We've spent a fair amount of time capturing the issues of the day on digital canvas. We come back repeatedly to those issues that occupy the better parts of our hearts and minds in this time of global turmoil and crisis. Specifically, we've done more than a few pictures of bread with peanut butter on it, and here I've posted our series on trees (a clear indictment of our irresponsible society's unconscionable behavior toward the environment and climate control... and also they're pretty).
Why interrupt? I know from my own attempts at art that sometimes it's hard to tell when a piece needs to be done. Aren't there always finishing touches that could change the feel? Hopefully make it better? But too many changes--changes like, say, a whole new coat of paint--can sometimes be overkill.
This is an amorous tribute to a nursery playmate, perhaps. Maybe the perseverating is part of the process.
He might say "orange" and still disapprove of the particular shade I choose. He'll give more specific instructions on occasion, like "dark orange" or "more orange", but his vocabulary doesn't allow for much by way of distinction. I can't say I regret that though--how else would I have any expression in the process? But today he said, "another orange" over and over, poorly regarding every orange I produced. I think he was disppointed with the way any new color was swallowed by the thick oil base we had laid down. "Whitish orange? Bright orange? Peach orange? Brown? Burnt orange? Serious orange?" Yes, he said, "Cereal orange!" And with a few strokes of cereal orange, he remembered he was hungry and needed a Cheerio break.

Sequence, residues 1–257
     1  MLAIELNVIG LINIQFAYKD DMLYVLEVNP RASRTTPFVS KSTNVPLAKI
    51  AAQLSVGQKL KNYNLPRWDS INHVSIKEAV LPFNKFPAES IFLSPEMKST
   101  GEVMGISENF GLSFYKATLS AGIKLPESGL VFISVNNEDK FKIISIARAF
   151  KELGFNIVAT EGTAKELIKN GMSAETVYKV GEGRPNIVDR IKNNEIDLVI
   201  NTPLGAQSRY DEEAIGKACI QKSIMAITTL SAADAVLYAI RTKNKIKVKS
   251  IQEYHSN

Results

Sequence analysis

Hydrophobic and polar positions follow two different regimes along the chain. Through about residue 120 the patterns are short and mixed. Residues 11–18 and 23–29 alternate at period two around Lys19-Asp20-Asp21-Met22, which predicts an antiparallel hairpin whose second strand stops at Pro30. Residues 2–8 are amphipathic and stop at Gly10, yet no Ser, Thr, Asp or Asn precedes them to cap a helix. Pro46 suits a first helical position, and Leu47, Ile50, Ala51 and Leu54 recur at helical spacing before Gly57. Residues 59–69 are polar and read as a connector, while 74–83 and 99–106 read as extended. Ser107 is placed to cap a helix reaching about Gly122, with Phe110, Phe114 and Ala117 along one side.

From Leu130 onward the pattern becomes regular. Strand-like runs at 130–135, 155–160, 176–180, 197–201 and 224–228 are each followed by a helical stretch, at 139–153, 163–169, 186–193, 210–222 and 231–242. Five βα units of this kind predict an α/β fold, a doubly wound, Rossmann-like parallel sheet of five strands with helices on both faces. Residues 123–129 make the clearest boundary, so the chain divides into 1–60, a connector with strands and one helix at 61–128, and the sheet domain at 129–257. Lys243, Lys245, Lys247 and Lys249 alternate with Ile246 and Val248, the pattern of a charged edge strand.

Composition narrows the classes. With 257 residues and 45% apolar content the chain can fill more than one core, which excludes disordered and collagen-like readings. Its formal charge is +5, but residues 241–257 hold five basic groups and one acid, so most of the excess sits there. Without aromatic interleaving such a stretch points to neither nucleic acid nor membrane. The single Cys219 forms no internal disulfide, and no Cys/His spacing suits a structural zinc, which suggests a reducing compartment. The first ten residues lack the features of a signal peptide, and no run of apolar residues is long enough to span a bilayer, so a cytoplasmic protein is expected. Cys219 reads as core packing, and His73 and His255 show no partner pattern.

Typically when we color, Sam gets to choose the hue, but I get to choose the saturation and brightness (and sometimes shade) of that hue. I usually choose the paper texture and medium, and Sam usually makes the actual brush strokes. There are departures from this format, but it is the default.
For this piece I chose bright shades. Sam, apparently bored with them, asked me to draw our dog (lying in front of us with only his curved back visible). He thought my rendition lacked a few red spots down the spine and demanded that I add them. We sketched in Mommy's face after that and finished with a wild spatula scrape across it all. Although the finished piece isn't a recognizable portrait, it still keeps the mood of a coloring day with a lazy dog and pleasant thoughts of Mommy.
For reasons only close family and friends might know, my son ought to have a substantial patriotic streak. But here, I think, we see a subtle disapproval of the current administration (that I suspect has been projected on him by his mother).
The brush strokes and color choices are his. I just decided when to change and when to stop.